You see that is why you should never assume anything until side by side test from anyone. The sensor are different and it is easy to see http://***URL removed***/forums/thread/3561765 . So assuming that they are the same by people that don't want to make the effort to test is never good. When you think about it the D5200 might be the shortest lived Nikon camera and this will render its test useless.

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Again I have posted it many times...  http://www.dvxuser.com/V6/showthread.php?310503-Nikon-D7100-vs-Panasonic-gh2-sharpness

 

A test I did between my gh2 and D7100. Just browse it and see how many did not commit and many got it wrong because the two are very close. I am fed up assuming pseudo testers that take two minutes to test Nikon cameras and some laughable example like philip bloom test of the D4/D800 in a crowded bar in New york. Can you do a more dump test where every second the lighting can change.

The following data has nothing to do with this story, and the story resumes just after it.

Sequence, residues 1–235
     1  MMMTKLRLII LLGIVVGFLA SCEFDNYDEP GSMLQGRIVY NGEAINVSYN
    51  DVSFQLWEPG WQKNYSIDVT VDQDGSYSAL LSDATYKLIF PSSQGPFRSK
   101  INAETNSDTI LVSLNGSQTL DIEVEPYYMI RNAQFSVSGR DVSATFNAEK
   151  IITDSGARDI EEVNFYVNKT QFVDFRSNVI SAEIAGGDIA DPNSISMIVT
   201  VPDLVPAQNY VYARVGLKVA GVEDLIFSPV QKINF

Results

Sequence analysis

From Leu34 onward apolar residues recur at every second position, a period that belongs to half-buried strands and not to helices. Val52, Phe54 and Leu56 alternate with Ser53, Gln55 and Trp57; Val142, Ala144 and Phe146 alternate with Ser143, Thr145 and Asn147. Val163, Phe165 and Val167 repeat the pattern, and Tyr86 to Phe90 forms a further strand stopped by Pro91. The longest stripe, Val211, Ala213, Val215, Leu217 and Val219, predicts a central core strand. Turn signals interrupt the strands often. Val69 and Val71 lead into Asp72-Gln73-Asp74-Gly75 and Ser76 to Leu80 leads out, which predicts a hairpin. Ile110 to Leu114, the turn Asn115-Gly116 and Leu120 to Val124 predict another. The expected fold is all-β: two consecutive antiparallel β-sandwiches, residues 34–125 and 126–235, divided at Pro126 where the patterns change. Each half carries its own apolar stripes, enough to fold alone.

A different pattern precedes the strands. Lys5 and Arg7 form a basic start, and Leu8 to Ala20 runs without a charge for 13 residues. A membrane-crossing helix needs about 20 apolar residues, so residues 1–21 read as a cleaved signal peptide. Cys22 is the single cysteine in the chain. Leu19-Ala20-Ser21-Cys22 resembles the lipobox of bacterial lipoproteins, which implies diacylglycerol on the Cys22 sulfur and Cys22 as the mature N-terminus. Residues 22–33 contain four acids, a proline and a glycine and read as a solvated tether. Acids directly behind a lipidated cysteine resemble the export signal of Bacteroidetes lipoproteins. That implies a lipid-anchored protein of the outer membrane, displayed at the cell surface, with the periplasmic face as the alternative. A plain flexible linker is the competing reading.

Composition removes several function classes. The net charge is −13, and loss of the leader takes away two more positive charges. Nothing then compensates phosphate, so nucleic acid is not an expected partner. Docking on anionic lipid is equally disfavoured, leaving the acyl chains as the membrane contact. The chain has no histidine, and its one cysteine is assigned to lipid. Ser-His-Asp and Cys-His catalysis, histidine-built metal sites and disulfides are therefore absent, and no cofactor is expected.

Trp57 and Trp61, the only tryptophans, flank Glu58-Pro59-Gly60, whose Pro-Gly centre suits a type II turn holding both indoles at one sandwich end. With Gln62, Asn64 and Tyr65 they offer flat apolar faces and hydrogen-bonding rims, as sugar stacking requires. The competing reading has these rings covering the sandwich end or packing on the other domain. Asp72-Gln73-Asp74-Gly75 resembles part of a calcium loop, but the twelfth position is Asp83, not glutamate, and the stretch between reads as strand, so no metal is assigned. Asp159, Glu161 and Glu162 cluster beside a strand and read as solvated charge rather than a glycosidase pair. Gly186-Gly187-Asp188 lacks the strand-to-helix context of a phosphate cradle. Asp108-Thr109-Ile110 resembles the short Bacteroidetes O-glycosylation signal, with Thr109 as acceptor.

In the case of the D7100 every of those expert just assumed that the D7100 just a D5200 in video mode while many user report said that the D7100 was sharper than the D5200. I don't know by how much but I sold my gh2 after this test to buy an Atomos Ninja and again a gain in resolution with tighter grain so better resolution and detail that cleaned even better with Neatimage video the banding.

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Someone of dvxuser posted these two sample from Canon 5d3 and Nikon D5300 at 100 ISO. I don't know the specifics but the D5300 looks to have much better DR than the 5d3. One thing looks bizar that that it seems to have like a fix noise in the deepest shadows on the monitor stand. It is not FPN (The 5d3 has vertical FPN) but like a pattern that stays the same. Could be VLC?